The discharge of debt at the end of chapter 7 only affects personal debts, not liens on property. That means a secured creditor keeps the right to repossess the property. However, it also means that any debt over the value of the collateral is discharged at the end of bankruptcy.
In practice, this means that there’s often room to negotiate with the debtor to allow them to keep the collateral in exchange for paying the full value of the debt. For example, if a debtor still owes $10,000 on a car worth $7,000, the creditor could agree to let the debtor keep the car in exchange for eventual payment of the full $10,000. Such agreements are called reaffirmation.
If the debtor won’t agree to reaffirmation, the creditor is entitled to repossess the collateral once the bankruptcy is over and the automatic stay is lifted. Even if the debtor returns the collateral, the secured creditor still has an unsecured claim to any deficiency. In the example above, the creditor would get the $7,000 car back and have an unsecured claim for $3,000 that would entitle the creditor to some of the debtor’s assets sold in the chapter 7 proceeding.
Unsecured Creditors in Chapter 7
Most unsecured creditors are in a fairly precarious position in chapter 7 (or any bankruptcy), as it’s very possible that they will be unable to collect anything on the debt they are owed. Normally, unsecured creditors are entitled only to a portion of the liquidated assets equal to their share of the debt. For example, if a debtor owes $50,000 and the liquidation only produces $10,000, an unsecured creditor who was owed $10,000 would only receive $2,000.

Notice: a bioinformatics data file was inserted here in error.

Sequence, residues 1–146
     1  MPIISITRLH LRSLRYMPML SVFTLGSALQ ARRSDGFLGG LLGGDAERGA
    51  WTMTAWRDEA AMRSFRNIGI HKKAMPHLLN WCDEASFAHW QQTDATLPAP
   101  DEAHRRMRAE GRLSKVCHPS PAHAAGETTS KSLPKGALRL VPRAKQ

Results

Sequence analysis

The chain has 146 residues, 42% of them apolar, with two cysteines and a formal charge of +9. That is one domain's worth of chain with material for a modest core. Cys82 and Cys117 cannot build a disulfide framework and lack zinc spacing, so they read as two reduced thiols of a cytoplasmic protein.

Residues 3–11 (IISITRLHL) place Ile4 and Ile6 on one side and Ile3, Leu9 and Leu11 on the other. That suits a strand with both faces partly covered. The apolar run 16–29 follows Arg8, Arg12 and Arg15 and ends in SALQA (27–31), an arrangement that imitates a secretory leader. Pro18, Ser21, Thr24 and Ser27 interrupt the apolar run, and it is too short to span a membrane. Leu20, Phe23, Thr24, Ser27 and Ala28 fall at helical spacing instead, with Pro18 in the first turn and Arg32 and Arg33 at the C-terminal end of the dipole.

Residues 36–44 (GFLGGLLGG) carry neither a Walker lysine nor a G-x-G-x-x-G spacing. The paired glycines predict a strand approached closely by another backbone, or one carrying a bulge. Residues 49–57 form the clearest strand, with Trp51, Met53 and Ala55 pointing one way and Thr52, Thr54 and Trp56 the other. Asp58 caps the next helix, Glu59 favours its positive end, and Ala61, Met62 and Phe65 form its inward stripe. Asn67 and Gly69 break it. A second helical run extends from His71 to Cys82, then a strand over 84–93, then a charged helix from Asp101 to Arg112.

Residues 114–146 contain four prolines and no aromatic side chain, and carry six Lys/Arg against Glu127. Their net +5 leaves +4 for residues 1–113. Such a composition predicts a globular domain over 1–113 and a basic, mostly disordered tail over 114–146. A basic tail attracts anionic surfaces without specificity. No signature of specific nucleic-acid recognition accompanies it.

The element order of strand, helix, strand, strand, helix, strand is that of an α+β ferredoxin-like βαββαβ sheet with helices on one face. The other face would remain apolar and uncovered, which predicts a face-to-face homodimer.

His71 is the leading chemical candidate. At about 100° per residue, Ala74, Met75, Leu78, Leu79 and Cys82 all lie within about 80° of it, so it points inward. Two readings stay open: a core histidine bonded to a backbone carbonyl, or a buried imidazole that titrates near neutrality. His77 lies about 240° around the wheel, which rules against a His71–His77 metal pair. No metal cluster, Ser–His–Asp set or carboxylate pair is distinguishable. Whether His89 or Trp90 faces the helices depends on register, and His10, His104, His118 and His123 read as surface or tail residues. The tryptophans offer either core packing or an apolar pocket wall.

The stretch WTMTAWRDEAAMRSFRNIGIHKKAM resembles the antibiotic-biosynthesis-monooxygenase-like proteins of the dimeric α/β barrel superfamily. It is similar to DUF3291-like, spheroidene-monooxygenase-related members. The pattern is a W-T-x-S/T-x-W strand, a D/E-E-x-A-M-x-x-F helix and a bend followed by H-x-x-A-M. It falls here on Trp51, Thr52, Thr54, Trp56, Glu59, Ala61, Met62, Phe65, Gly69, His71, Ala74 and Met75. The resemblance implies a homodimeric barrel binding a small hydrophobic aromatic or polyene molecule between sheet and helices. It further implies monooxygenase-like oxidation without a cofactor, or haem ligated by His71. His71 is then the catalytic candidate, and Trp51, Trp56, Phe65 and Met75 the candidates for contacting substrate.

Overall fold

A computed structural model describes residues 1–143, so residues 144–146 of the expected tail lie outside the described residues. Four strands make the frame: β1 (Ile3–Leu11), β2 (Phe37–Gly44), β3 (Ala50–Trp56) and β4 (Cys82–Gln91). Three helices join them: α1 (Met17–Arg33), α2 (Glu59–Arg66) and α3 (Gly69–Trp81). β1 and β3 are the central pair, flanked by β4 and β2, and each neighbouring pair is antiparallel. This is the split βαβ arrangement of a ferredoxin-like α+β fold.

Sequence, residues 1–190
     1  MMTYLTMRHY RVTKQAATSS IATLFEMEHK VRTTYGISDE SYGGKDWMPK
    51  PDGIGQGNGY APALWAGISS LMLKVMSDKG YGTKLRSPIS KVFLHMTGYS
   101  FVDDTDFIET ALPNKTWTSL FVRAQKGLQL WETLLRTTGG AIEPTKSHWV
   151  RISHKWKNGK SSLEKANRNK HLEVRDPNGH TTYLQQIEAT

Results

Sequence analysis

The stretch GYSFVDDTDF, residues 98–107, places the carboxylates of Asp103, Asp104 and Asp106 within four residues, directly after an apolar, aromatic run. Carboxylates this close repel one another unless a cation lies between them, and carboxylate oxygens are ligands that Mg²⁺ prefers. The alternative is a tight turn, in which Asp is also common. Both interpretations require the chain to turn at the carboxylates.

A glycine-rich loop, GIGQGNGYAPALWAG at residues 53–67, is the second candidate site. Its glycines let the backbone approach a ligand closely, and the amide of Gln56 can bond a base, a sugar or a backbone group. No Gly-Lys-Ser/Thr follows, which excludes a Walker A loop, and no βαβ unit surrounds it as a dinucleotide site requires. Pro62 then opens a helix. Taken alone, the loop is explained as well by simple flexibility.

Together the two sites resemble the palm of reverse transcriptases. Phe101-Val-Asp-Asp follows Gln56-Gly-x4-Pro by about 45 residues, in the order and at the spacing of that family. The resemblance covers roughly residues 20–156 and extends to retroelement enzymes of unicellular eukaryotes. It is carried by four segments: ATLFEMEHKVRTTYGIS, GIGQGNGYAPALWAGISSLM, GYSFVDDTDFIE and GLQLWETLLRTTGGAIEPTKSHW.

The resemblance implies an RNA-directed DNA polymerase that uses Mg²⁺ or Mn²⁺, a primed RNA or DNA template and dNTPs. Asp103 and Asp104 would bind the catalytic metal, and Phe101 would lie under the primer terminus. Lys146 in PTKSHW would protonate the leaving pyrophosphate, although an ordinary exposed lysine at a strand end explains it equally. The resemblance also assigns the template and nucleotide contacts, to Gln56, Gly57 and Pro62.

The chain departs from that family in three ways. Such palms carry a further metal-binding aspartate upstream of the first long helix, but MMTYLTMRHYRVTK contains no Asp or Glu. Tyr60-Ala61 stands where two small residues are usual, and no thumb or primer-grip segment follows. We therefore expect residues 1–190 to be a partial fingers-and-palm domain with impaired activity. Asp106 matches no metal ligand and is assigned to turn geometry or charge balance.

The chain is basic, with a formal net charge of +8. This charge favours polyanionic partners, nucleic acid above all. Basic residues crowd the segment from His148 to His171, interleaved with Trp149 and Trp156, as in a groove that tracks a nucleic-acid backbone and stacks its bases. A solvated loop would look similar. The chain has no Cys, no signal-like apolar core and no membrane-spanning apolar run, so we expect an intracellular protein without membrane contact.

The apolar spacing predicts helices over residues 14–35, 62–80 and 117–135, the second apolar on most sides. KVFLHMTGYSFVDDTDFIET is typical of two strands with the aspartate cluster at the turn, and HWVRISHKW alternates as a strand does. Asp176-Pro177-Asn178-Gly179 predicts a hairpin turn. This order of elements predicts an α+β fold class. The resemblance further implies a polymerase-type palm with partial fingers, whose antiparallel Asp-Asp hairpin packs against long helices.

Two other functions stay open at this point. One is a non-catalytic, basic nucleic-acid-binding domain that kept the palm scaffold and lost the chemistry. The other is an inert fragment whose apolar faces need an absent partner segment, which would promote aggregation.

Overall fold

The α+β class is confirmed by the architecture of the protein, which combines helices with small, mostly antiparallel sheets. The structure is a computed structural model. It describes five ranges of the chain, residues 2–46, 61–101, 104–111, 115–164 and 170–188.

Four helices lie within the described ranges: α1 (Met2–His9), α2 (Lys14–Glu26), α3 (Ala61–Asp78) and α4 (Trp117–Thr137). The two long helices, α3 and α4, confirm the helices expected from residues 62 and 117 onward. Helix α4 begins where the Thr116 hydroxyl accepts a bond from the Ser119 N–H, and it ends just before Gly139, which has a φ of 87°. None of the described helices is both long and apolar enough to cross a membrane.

However, two types of unsecured creditors fare better than most. First, some debts cannot be discharged in bankruptcy, such as alimony or child support payments. These creditors would still be entitled to payment even after the chapter 7 bankruptcy ended. Second, some unsecured debts, such as alimony or wages, are entitled to priority over other unsecured debts, meaning they get full payment before lower priority creditors receive anything.
Some debts, like child support or liability for intentional injuries, can’t be discharged in bankruptcy. Other debts might not be dischargeable if the debtor committed fraud in filing for bankruptcy, for example, by trying to hide some of their assets. A bankruptcy attorney can analyze a situation and determine the best strategy for proving a debt is nondischargeable or that it should be given priority over other debts.
As a practical matter, many chapter 7 bankruptcies do not provide any payment for unsecured creditors at all because all of the debtor’s assets are exempt. This makes finding exceptions to discharge especially important.
If someone who owes you money files for chapter 7 bankruptcy, contact Rosenblum Law for a free consultation. Bankruptcy affects your rights as a creditor and may prevent you from receiving what you are due. Skilled representation can make a difference in how much you are able to collect. Call 888-815-3649 or email us.
How to Cite Rosenblum Law’s Article
Adam H. Rosenblum (Apr 14, 2021). Creditor’s Rights In Bankruptcy: Chapter 7 Bankruptcy. Rosenblum Law Firm, https://rosenblumlaw.com/our-services/bankruptcy-nj/creditors/chapter-7-bankruptcy/
Adam H. Rosenblum "Creditor’s Rights In Bankruptcy: Chapter 7 Bankruptcy". Rosenblum Law Firm, Apr 14, 2021. https://rosenblumlaw.com/our-services/bankruptcy-nj/creditors/chapter-7-bankruptcy/